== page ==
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2000 Best Practice Awards

Best of the Best Winners: Utah

Best Practice: Section 8 Lease Up Extravaganza


Salt Lake City, Utah. The room resembled college registration with tables across the back and lines snaking out the door. Rather than students, however, hundreds of families on welfare gathered on a winter day in 2000 to participate in a Section 8 Lease-Up Extravaganza hosted by the Salt Lake City Housing Authority. Less than six weeks later, 200 low-income families had obtained housing using 96 percent of the housing authority’s available Welfare to Work vouchers.

The event was the brainchild of Jill Riddle, the housing authority’s leased housing

receiving Best of the Best award
Recipients receiving Best of the Best award from Secretary Cuomo (l) and Deputy Secretary Ramirez (r)

supervisor. After hearing about a similar event during a conference, Ms. Riddle worked on a modified version with housing authority management. Commitment from the housing authority director, the mayor, HUD staff and local organizations that included the Salt Lake Apartment Association, a group of prominent area landlords, and the Horizonte Instruction and Training Center, a nonprofit providing education to low-income individuals, contributed to the success of the mass lease-up.

The housing authority began by holding a press conference to raise awareness of the voucher program. At the press event, Salt Lake City Mayor Rocky Anderson spoke about the need for affordable housing, and HUD State Coordinator Julie Fagan highlighted the positive impact that the voucher program would have on the community.

Three weeks after the press conference, the housing authority had persuaded the Salt Lake Apartment Association to market and host landlord training on the Section 8/Housing Choice Voucher program. A slight rise in area vacancies had helped the housing authority convince the association of the need for the training. A panel at the training session included housing authority staff describing the voucher program and an association attorney explaining landlord benefits under the Housing Choice Voucher contract. Landlords signed up on interest sheets and gave permission for distribution of the list to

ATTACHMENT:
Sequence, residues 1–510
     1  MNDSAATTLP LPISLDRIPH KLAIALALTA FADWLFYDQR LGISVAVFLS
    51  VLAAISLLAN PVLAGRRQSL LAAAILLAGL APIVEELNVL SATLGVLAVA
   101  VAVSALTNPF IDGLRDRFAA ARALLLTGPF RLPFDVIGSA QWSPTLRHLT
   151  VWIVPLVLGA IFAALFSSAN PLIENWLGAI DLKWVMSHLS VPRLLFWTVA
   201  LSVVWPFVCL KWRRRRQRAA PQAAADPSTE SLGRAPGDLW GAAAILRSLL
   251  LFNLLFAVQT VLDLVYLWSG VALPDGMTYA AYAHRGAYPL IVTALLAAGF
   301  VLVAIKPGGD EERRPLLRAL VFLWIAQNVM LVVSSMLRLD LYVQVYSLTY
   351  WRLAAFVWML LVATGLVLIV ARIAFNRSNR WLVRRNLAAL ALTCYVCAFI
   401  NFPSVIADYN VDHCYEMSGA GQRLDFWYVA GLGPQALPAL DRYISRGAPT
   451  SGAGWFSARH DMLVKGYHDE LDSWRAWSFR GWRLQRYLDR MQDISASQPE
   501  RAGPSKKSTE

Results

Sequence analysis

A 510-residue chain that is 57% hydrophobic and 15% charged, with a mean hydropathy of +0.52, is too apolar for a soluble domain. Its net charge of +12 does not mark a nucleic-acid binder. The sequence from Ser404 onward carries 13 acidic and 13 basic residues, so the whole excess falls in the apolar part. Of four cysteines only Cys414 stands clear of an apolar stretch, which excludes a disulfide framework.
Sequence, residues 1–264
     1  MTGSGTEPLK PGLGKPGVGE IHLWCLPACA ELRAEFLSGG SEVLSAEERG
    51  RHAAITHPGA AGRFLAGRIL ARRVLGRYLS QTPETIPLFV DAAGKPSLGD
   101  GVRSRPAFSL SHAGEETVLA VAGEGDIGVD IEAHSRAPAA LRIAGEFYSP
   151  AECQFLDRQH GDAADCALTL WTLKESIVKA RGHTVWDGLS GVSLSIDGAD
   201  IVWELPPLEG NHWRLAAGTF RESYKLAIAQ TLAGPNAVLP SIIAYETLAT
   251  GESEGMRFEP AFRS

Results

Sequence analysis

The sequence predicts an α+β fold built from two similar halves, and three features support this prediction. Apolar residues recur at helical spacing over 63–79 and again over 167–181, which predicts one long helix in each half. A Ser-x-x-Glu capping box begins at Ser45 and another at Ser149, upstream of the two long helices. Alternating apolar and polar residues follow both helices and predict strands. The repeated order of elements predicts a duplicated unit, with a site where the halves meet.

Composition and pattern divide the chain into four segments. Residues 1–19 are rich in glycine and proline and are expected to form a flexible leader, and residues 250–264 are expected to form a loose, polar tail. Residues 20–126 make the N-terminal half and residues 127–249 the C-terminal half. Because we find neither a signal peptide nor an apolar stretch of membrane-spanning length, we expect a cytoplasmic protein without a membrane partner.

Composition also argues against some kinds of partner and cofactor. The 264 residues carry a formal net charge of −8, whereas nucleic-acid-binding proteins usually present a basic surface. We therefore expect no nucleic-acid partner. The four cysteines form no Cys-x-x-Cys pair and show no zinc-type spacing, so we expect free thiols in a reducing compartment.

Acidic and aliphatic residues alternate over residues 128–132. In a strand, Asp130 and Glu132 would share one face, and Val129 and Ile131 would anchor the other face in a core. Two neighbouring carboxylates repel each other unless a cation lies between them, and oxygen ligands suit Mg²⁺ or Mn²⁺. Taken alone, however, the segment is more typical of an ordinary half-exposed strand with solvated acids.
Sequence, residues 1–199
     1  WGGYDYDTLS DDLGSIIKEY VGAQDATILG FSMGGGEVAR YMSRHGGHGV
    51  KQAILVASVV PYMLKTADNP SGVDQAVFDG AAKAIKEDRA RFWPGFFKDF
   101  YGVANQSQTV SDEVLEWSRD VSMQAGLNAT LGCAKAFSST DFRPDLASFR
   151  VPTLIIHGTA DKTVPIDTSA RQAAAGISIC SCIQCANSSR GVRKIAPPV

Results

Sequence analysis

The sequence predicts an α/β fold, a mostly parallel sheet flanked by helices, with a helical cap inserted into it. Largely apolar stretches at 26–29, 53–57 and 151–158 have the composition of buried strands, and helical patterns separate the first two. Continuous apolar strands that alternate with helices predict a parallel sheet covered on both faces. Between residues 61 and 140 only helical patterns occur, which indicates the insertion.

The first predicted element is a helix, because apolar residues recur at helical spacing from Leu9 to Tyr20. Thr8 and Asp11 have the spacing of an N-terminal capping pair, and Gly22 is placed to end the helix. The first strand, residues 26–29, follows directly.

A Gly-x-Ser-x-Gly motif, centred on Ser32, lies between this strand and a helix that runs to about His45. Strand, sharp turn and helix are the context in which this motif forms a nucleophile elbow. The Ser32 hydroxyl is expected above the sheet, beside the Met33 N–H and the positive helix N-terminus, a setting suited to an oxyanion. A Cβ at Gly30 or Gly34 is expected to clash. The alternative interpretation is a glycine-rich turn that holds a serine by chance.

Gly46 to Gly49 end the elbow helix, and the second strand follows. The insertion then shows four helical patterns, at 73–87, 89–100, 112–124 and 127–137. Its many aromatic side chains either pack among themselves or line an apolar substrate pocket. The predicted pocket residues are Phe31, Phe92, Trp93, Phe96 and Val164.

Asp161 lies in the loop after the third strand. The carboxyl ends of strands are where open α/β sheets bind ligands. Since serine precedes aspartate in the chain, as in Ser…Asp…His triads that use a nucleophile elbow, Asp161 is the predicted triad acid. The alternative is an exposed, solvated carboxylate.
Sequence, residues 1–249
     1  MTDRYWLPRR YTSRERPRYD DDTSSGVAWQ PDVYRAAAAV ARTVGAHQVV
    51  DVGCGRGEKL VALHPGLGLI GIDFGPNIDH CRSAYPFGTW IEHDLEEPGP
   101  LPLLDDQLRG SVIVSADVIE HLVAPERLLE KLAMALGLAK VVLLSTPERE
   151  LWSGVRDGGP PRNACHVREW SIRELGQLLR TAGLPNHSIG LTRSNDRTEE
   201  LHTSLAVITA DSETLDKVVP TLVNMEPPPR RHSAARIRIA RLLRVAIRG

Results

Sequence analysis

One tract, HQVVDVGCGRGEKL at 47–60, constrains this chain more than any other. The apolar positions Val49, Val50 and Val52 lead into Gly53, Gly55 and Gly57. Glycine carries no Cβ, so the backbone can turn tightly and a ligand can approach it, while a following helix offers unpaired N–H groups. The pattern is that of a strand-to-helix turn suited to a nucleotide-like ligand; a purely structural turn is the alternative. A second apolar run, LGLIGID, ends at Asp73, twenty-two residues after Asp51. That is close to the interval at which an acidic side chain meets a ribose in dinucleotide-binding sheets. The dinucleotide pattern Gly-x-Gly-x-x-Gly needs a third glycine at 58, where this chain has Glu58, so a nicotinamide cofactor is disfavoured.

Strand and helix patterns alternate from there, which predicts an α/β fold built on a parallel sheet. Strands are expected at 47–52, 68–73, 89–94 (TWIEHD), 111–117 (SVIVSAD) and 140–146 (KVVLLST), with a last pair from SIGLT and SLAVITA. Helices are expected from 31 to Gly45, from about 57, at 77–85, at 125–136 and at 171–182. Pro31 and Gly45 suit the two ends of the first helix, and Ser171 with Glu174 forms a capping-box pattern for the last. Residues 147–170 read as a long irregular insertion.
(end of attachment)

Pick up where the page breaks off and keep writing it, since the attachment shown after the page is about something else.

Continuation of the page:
potential residents.

The next step—mass intake—began with notification of 300 families on the housing authority’s waiting list to bring in appropriate documents and verification data. The Section 8 staff set up a wall of tables in the back of a room and qualified more than 300 families in two days, with the help of the state’s Department of Workforce Services, which faxed family qualifying information to the authority within a day.

Just two weeks after the landlord training, qualified families were invited to a two-day mass orientation held in a large cafeteria donated by the Horizonte Instruction and Training Center. Five Section 8 caseworkers roamed through the room, answering questions, and helping families review and sign their paperwork.

Each family was provided with the list of landlords who had signed interest sheets, and a competitive house hunt began, with 200 vouchers available to the 300 families. Families were locating apartments and receiving landlord approval at a rate of six a day. Six weeks after the mass orientation, low-income families have used all but eight of the 200 vouchers.

The extravaganza broke through the formerly lengthy lease-up process. Perhaps more importantly, it helped change the lives of residents. For Rainna Park, a single mother with three children aged 8, 7 and 2 who has moved 18 times during the past two years while waiting to reach the top of the authority’s list, the program provided a townhouse, a job with a church distribution center and a future for her family.

Contact: Jill Riddle, Phone: (801) 487-2161 x1209
Tracking Number: 73
Winning Category: Geographic and Program (Public and Indian Housing)

Best Practice: Homeless Veterans Apartment Complex

Program Provides Housing for Homeless Veterans

Salt Lake City, Utah. The Housing Authority of Salt Lake City, Utah (HASLC), brought together nontraditional funding partners to acquire and rehabilitate a 14-unit complex for homeless veterans who were willing to enter into a lease requiring a mandatory work component.

The program, the first in HUD’s Rocky Mountain Region, was innovative in the way it brought in partners to provide the housing, casework and social services, and vocational training and job placement. Grant proposals were written to the Department of Veteran Affairs, the State of Utah, HUD HOME funds, the Federal Home Loan Bank of Seattle